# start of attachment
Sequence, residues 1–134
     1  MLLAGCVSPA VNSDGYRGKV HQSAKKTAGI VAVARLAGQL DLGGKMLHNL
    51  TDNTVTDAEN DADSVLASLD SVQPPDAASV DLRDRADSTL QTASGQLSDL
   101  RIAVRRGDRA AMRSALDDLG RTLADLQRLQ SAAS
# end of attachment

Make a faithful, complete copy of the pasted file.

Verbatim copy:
Sequence, residues 1–134
     1  MLLAGCVSPA VNSDGYRGKV HQSAKKTAGI VAVARLAGQL DLGGKMLHNL
    51  TDNTVTDAEN DADSVLASLD SVQPPDAASV DLRDRADSTL QTASGQLSDL
   101  RIAVRRGDRA AMRSALDDLG RTLADLQRLQ SAAS